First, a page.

This is the mail archive of the mailing list for the GDB project.

Index Nav: [Date Index] [Subject Index] [Author Index] [Thread Index]
Message Nav: [Date Prev] [Date Next] [Thread Prev] [Thread Next]
Other format: [Raw text]

Re: [RFC]: remove inconsistency in printcmd.c: print_scalar_formatted

> Date: Tue, 20 Jan 2004 00:48:36 -0500
> From: Daniel Jacobowitz <>
> My point is that we can _change_ the behavior of print.  I think that
> it is reasonable for the process to be something like this:
>   print /format expression
>     Evaluate expression
>     Expression has a type
>      Examine the value of that type according to /format
>       [interpret its bits as a double, or as hex, or whatever...]
> This isn't the first time this has come up, Jim (?) made a similar
> suggestion some time ago for the case of ObjC.  I think that I
> disagreed with it at the time, but I've got a history of being
> inconsistent.
> Think about it.  What use do these have:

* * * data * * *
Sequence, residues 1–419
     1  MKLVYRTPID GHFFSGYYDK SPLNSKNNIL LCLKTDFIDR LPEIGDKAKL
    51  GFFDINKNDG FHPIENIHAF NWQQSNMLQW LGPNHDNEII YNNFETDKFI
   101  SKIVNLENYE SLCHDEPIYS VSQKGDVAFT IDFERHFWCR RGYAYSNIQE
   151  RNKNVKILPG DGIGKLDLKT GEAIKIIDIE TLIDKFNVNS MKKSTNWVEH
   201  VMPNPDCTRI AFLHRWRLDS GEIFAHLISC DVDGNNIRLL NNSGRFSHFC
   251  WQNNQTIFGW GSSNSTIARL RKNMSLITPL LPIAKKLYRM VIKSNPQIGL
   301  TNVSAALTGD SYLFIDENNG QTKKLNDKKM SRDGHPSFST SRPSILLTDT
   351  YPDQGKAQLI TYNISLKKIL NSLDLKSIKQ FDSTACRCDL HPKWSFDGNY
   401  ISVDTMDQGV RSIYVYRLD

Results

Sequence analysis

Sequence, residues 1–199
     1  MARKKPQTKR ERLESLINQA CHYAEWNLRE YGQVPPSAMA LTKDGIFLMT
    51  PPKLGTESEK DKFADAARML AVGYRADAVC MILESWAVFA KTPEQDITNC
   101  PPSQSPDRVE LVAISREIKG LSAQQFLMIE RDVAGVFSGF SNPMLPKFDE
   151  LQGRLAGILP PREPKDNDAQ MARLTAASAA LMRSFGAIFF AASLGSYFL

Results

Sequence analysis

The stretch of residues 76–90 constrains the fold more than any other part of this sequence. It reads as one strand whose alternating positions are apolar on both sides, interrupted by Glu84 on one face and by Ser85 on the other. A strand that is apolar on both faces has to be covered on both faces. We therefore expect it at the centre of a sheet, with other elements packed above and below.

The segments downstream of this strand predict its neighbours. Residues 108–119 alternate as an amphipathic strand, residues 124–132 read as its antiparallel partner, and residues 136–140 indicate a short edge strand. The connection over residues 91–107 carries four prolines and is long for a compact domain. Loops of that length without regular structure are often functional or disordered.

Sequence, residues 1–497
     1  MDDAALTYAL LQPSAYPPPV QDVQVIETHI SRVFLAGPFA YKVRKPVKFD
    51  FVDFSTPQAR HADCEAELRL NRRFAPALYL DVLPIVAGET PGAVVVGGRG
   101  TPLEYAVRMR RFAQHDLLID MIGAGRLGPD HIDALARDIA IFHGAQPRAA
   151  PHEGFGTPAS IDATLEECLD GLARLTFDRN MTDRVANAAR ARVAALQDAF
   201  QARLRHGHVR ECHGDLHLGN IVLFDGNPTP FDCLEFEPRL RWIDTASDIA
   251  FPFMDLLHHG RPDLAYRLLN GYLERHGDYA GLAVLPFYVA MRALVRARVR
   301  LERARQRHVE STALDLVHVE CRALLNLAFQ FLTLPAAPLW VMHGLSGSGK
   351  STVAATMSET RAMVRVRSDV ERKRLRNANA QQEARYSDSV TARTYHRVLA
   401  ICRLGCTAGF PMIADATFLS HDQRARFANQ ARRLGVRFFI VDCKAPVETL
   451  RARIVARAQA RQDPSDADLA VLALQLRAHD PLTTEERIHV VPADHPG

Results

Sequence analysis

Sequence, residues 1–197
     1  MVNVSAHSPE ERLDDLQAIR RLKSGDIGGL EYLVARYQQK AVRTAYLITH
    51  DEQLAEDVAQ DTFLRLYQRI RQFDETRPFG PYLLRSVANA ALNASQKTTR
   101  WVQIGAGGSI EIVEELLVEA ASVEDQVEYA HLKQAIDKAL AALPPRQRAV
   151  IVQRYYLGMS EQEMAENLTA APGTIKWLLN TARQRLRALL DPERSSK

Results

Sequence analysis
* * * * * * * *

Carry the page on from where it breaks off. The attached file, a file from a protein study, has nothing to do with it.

>   p/f int_var
>   p/x double_var
> None that I can see.  p (double) int_var is obviously <int_var>.0 in C,
> and p/x (int) double_var is obviously 0x<truncate(double_var)>, but the
> format specifiers don't add value.  Here's some value they could add.
> Now, for ints vs. pointers it may be a little messier.
> This might even let me solve a long-standing complaint.  Given $r1 =
> 0x62636566, I'd love to have a way to make gdb print "bcef".  Or "fceb"
> or whatever else.  p/s $r1?  p/x 0x62636566?  Examine does an implicit
> dereference and print doesn't, so this seems like a logical use of
> printf.

May I wave the truce flag here?

Daniel, do you object to having the feature you wanted in `x', rather
than in `print'?  If you do, could you please explain why?

If having this on `x' is not something we agree to, how about a
`maint' command, or a new format letter for `print' that would
specifically be designed to reveal the bit pattern of the value as it
would be stored in memory?

Index Nav: [Date Index] [Subject Index] [Author Index] [Thread Index]
Message Nav: [Date Prev] [Date Next] [Thread Prev] [Thread Next]